Saturday saw a very early start for both of us. I met Deborah at some far flung Tube station in West London and we set off along the M40 for Alcester in Warwickshire and the 15th(?) Annual Independent Shoemakers' Conference.
The information for this organisation is found at www.shoemakers.org - a loose collection of shoemakers from around the UK (and a few from abroad).
The conference is organised each year by a different member and this year it was the turn of Bill Bird Shoes. They did a fantastic job, so a great big thank you to them. It was very interesting and a great opportunity to meet other shoemakers, pattern makers and closers.
It is a combination of lectures and networking, so we started the day with a demonstration of hand stitching techniques for uppers by Dominic Casey of Cleverleys - raised lakes, split stitched seams(?), plait stitch and a bit of thread making - very cool indeed.
|Plait Stitch Being Done|
|The Plait Stitch Which Uses Two Stitching Threads And Two Thicker Plaiting Threads|
|Dominic Casey In Action|
Next came lunch where we chatted to a chiropodist from the Isle of Wight who had an affinity with Crocs - obviously not a passion we share.
|Mock Croc Crocs Anyone?|
We then moved to an area which was a bit of a revelation to us both - how to make shoes for women with problem feet and make them look fabulous. That classic mismatch between how a woman sees her shoes in her mind's eye and the actual shape that her lumpy, painful feet require the shoes to be.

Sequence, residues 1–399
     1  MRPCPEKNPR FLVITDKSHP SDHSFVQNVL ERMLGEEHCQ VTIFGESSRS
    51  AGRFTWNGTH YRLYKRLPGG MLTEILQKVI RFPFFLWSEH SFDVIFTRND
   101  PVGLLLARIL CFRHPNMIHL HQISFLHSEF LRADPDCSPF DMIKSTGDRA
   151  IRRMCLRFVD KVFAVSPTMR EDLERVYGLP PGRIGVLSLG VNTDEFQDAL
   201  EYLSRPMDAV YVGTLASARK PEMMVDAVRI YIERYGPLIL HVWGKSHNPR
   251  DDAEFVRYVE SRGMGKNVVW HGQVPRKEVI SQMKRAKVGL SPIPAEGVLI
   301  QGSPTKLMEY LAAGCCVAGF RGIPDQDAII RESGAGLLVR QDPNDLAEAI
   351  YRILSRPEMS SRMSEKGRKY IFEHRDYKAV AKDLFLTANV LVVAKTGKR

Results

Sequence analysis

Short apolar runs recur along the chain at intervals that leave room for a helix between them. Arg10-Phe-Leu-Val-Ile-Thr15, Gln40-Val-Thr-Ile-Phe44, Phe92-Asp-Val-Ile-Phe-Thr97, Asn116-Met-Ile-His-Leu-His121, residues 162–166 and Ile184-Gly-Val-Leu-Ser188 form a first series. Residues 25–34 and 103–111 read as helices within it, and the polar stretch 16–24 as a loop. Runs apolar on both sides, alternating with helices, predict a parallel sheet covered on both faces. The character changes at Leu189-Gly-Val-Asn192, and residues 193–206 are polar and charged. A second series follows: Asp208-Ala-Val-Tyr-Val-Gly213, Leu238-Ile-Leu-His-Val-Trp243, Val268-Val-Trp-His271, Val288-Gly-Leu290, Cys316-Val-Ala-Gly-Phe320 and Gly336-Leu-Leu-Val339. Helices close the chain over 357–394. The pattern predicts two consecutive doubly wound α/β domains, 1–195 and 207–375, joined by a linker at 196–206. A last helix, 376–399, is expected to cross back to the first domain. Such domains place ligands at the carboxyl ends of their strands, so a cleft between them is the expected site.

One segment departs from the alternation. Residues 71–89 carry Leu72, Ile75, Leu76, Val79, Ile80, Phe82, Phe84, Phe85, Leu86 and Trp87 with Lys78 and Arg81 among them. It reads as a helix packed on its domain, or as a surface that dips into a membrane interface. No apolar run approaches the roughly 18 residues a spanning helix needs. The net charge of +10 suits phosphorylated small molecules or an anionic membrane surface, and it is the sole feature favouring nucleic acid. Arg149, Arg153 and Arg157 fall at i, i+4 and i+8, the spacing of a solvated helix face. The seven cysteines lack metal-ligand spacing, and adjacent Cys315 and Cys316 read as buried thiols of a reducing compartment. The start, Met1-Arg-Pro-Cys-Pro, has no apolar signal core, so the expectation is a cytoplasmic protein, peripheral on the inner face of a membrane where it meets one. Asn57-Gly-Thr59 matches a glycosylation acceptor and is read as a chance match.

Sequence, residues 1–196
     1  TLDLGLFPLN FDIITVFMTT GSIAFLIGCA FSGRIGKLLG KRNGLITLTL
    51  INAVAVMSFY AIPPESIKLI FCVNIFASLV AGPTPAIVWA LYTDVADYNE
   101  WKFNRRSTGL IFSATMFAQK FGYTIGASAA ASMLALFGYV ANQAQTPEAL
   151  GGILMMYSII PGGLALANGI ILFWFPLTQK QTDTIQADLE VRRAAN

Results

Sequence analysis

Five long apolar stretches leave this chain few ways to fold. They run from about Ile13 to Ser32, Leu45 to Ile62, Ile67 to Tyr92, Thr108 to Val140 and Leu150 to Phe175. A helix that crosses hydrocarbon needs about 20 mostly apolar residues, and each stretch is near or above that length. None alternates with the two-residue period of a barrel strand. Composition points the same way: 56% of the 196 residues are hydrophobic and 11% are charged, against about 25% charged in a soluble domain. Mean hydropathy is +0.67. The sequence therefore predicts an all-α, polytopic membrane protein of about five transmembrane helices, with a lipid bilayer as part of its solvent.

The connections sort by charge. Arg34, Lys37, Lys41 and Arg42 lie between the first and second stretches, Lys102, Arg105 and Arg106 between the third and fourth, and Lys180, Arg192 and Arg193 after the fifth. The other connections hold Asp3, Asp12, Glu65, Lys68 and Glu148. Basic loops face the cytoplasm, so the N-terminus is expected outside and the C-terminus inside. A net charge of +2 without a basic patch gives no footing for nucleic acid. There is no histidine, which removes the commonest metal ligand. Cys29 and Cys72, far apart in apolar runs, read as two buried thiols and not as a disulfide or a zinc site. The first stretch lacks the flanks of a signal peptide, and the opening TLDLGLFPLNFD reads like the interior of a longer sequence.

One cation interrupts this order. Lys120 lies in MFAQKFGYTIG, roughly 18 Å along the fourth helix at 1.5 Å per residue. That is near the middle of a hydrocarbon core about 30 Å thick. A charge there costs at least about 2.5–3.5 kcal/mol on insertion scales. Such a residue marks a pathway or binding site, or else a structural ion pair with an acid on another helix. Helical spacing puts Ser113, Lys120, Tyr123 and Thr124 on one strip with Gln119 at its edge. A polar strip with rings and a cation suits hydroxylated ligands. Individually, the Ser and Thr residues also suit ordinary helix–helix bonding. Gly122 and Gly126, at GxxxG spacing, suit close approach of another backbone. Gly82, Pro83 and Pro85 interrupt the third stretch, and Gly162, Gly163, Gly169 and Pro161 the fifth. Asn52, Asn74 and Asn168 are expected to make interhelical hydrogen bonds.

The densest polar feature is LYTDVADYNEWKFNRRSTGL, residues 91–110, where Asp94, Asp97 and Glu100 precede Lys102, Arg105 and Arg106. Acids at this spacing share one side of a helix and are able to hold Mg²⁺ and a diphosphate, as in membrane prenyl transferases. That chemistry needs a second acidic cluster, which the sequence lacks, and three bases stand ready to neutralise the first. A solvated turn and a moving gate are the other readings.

This involves detachable accessories like straps, buckles, clips, bows and flowers. Very clever and creative in fact. The talk was given by Carina Eneroth of Swedish shoemakers Framat, shoemakers to the Swedish Royal Family.
We even had a go at making a bow with varying degrees of success - I think I will stick to the day job.
The penultimate talk of the day was from Bill Bird himself who talked us through the ins and outs of hand carving wooden heels - very interesting and challenging.
And finally, came a technical exploration of the properties of leather, from the raw materials to the finished product. This was by the head of Leather Studies at Northampton University. She went through the structure of leather from different animals and the way they are tanned and coloured. It was very interesting and explained why we use certain leathers for certain jobs - for example, did you know that the reason pig skin is so tear resistant is that the hair follicles and sweat glands go all the way through the thickness of the skin? Whereas in calf, goat and sheep, they are only in the surface layer. Fascinating stuff!
We also had time to chat and catch up with old friends and colleagues and we generally had a great day.
For those of you who live in the UK, this is a thoroughly recommended day out. You will meet other shoemakers who might be able to help and we are a very friendly bunch. So make sure you come next year.
Until next week, happy shoemaking!